This week has been all about stuff for the wedding. We are buying stuff for the wedding, organizing stuff for the wedding, talking about how to transport stuff to the wedding. I was getting a little anxious about the whole thing. Do I have the correct amount of stuff? Should there be more? Less? Should it just be different stuff altogether? And then by chance, I came across two articles about all the stuff in our lives, and I started feeling a little better about my stuff. I could go on and on, but because people on the Internet loooooove to pontificate about how we all have too much stuff, I'll try to be brief.
The first article was about how you don't need endless amounts of things to be happy in your relationship, but finding the things (or, conversely, getting rid of the
things) that make your relationship better or less contentious can make a world of difference. For
example, if you're constantly fighting over the dishes not being done,
will buying a dishwasher improve your relationship? Will getting rid of a pair of season tickets give you more time to communicate, or are those games quality time you spend together? I think this advice goes farther than just relationships: would I be more present if I didn't have a smart phone? (Possibly.) Would I work out more without a t.v.? (haha NO.)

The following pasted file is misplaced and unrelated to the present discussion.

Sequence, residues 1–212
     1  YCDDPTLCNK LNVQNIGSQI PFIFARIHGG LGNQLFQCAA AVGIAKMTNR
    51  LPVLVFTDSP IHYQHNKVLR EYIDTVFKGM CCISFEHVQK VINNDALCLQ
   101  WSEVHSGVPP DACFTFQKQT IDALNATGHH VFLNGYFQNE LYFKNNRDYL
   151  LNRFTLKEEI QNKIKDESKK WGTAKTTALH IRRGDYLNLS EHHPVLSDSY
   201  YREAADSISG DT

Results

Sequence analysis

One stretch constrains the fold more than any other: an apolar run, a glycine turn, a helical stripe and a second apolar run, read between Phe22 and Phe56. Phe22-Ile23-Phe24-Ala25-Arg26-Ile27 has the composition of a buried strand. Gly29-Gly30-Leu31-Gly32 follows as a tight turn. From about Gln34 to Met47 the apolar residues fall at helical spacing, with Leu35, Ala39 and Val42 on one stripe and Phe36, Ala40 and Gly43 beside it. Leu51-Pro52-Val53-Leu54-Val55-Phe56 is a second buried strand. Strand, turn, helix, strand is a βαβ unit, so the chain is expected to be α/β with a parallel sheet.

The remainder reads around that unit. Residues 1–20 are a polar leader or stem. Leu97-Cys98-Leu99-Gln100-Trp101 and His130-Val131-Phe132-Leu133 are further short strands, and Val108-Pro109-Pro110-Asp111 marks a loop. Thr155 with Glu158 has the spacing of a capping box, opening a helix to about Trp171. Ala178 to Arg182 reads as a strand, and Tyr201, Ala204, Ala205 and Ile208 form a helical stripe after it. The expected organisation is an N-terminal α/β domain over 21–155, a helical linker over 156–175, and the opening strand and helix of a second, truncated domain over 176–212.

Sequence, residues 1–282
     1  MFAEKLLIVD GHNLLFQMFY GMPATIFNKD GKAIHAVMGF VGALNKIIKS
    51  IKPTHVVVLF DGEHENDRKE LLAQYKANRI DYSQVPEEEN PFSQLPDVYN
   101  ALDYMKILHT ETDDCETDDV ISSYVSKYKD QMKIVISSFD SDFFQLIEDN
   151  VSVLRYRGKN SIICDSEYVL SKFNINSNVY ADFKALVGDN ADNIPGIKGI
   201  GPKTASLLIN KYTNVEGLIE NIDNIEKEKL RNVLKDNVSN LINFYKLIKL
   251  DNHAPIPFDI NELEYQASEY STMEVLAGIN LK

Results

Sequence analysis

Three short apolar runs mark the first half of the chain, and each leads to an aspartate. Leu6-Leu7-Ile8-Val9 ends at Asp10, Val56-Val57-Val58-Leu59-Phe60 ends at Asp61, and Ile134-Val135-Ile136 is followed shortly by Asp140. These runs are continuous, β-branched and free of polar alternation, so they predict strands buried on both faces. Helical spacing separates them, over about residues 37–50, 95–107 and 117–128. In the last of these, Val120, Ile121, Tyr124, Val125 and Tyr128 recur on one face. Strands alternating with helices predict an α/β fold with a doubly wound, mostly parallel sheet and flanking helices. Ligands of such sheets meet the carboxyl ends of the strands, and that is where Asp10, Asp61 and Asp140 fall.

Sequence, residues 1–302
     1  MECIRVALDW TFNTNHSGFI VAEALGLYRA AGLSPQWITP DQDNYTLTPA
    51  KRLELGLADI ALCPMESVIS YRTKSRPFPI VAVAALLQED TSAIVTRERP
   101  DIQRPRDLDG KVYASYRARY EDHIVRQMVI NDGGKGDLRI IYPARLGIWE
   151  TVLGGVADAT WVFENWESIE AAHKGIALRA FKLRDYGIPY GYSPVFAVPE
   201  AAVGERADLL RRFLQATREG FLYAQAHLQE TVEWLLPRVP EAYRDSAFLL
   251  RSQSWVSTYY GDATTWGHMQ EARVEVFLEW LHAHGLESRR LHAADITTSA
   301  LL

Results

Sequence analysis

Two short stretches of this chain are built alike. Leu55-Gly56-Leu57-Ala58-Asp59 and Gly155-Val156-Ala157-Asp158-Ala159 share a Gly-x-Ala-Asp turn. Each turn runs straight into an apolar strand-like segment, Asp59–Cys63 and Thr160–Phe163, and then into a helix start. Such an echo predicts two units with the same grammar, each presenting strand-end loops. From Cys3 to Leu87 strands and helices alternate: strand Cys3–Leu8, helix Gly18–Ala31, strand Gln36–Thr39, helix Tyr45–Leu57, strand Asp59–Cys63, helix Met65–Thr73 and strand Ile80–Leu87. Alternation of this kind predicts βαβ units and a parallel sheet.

The second article was about "having it all," which I found insightful because I've been thinking about what comes next now that I'm getting married. I was browsing blogs when I came across this excerpt at Mighty Girl: "...I think to myself
that the solution to many problems is deceptively obvious. We are
chasing the wrong things, asking ourselves the wrong questions. It is
not, 'Can we have it all?' -- with 'all' being some kind of undefined
marker that shall forever be moved upwards out of reach just a little
bit with each new blessing. We should ask instead, 'Do we have enough?'"
Then I read the whole article, and I'm certainly not where the author and her friends are. I don't have children to worry about or a house to rent. But I do have anxieties coming from the same place: the desire to be stress-free, to do things perfectly the first time, to have all the best things. This week, these articles have been a good reminder that while I may not have it all, and it may not be perfect, I do have enough. And if that's good enough for my entire life, I bet it's good enough for my wedding.